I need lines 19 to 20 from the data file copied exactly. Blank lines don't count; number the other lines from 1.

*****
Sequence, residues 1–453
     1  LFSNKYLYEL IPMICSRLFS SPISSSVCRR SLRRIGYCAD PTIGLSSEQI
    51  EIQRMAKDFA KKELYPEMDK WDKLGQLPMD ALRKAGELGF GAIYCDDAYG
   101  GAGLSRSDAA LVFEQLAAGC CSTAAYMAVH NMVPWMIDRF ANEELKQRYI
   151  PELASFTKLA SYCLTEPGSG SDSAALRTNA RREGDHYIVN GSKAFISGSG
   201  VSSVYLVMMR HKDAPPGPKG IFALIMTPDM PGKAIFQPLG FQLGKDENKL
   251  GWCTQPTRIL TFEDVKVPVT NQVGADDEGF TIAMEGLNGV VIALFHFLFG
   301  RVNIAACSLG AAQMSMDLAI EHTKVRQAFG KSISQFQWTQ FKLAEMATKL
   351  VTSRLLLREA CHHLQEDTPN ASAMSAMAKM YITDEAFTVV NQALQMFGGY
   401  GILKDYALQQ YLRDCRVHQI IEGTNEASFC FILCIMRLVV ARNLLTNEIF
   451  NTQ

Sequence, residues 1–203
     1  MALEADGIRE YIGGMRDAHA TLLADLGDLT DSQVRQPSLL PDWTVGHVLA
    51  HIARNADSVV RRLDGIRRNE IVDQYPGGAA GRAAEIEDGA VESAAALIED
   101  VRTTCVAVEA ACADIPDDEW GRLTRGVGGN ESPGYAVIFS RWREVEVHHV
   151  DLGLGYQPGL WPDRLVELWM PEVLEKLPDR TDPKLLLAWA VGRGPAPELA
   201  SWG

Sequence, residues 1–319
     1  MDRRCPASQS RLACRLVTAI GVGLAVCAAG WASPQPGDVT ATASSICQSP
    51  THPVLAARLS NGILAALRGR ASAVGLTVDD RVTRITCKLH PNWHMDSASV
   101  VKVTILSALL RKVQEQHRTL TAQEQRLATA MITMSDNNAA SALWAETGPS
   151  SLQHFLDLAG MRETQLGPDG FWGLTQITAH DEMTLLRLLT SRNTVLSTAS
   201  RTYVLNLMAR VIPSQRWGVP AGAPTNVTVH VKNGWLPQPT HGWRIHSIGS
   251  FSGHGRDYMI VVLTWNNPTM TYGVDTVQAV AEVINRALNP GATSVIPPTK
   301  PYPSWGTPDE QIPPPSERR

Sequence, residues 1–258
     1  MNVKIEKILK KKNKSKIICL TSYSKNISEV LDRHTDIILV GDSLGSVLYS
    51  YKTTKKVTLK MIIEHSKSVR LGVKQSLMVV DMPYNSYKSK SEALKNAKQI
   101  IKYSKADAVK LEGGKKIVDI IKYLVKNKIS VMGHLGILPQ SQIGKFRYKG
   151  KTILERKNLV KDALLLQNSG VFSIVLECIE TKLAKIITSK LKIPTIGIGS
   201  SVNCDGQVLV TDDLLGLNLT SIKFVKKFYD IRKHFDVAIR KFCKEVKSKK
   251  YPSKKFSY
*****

     1  MDRRCPASQS RLACRLVTAI GVGLAVCAAG WASPQPGDVT ATASSICQSP
    51  THPVLAARLS NGILAALRGR ASAVGLTVDD RVTRITCKLH PNWHMDSASV